The castles in Japan might not fit into the concept of the ancient western citadel, but they appear completely different than castles in Europe, however, they were constructed for much of the same reasons. They started to appear in the Land of the Rising Sun during the 15th century, when Japan was breaking up into warring states. Later, these castled were constructed as homes for feudal lords, or daimyo and places of governance. At once, there were over five thousand castles in this country; but today, there are only 100 with a dozen that have existed from the feudal era. Japan has structures of stone and wood offer visitors a unique glimpse of Japan’s feudal past. If you are visiting Japan and have an interest in exploring the castles located here, then read on to know about the most popular castles in this country.
Known as the most remarkable of present feudal-era castles in Japan, Himeji Castle is situated west of the capital of the Hyōgo Prefecture-Kōbe. The fortress is usually known as the White Heron Castle as the castle is white-plastered towers similar to a snowy egret in flight. It was constructed on the site of earlier castle in the year in 1601. The castle is sited on the hilltop that contains of 83 structures centered on the Tenshu-gun, a complex of connecting buildings and keeps. The main keep is a six-story structure which can be seen from any location in Himeji City. This castle has been featured in many films including “The Last Samurai,” and the James Bond adventure film “You Only Live Twice”.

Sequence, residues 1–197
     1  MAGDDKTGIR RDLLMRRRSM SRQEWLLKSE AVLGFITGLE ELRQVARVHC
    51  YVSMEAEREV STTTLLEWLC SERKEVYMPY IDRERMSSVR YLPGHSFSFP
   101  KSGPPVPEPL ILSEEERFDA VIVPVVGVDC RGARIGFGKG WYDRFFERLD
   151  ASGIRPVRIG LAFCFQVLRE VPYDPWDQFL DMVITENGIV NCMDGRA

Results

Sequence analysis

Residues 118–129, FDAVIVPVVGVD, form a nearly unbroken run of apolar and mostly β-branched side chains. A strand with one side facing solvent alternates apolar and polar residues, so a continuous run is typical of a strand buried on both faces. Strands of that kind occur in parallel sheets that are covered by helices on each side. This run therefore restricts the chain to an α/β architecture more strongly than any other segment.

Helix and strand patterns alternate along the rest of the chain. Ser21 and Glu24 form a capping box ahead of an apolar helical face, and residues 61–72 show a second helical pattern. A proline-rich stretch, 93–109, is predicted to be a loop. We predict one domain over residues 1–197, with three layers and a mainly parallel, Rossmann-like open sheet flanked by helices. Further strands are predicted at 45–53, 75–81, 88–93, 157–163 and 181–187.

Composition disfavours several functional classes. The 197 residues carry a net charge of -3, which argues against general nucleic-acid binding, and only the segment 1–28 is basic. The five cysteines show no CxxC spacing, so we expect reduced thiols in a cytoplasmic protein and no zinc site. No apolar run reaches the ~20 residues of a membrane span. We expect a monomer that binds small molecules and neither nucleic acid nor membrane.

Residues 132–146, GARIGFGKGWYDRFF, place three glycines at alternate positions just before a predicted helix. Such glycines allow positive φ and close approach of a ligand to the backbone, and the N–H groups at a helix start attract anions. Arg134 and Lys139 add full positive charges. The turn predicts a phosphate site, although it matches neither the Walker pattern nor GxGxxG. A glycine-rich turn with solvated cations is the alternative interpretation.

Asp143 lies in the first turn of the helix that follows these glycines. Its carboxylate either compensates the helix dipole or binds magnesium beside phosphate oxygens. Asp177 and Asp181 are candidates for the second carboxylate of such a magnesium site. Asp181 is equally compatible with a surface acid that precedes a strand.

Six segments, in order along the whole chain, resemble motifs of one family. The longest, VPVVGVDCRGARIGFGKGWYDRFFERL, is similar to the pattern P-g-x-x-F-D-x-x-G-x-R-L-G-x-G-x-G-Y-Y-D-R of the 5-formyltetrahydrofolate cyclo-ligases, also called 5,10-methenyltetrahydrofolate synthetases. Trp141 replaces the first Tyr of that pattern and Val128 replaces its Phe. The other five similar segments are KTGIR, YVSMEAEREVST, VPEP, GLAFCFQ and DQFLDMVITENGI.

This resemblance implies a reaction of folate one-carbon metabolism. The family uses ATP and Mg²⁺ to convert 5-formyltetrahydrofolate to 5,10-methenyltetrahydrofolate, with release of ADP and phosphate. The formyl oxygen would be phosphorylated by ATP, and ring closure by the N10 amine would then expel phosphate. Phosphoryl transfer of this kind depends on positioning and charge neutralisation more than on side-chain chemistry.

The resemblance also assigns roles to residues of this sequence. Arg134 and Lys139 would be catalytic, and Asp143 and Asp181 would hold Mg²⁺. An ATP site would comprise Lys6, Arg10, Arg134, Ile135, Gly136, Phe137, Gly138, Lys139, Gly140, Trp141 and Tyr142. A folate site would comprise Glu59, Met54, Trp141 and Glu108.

Matsumoto Castle is located in a mountainous area to the north-west of Tokyo. This castle is set on a structure of stone bounded by a huge moat. The castle was built in the year 1590. This multi-storied castle is trimmed in black, giving the fortress its nickname- ‘Crow Castle’. The main keep or donjon is the oldest of any castle in Japan. The castle also provides stunning views of the Hijiri Kōgen mountains. Though, Matsumoto is a hirajiro or a flatland castle, it was constructed for fortification. There are several openings to drop stones on invaders or fire arrows throughout the keep.
Matsue is the only castle remaining in the San’in Region on the southwest coast of Japan’s main island. It is unique in a way as it never saw military action, although it was built in a watchtower and defensive style. Constructed in the year 1611, this hilltop fortress were completed post the last great feudal war. Most of the castle complex was take to pieces in the year 1875 and only the main keep & the Ishigaki, or stone walls are extant. During 1950s, the reconstruction of the fortress was started. The castle’s nickname, “The Black Tower,” epitomizes its striking ebony color. Visitors are permitted to visit the keep and the grounds. Also, there are boat tours offered approximately the outer moat as well.
Apart from these, Hikone Castle and Hirosaki Castle are the other two most popular castles of Japan.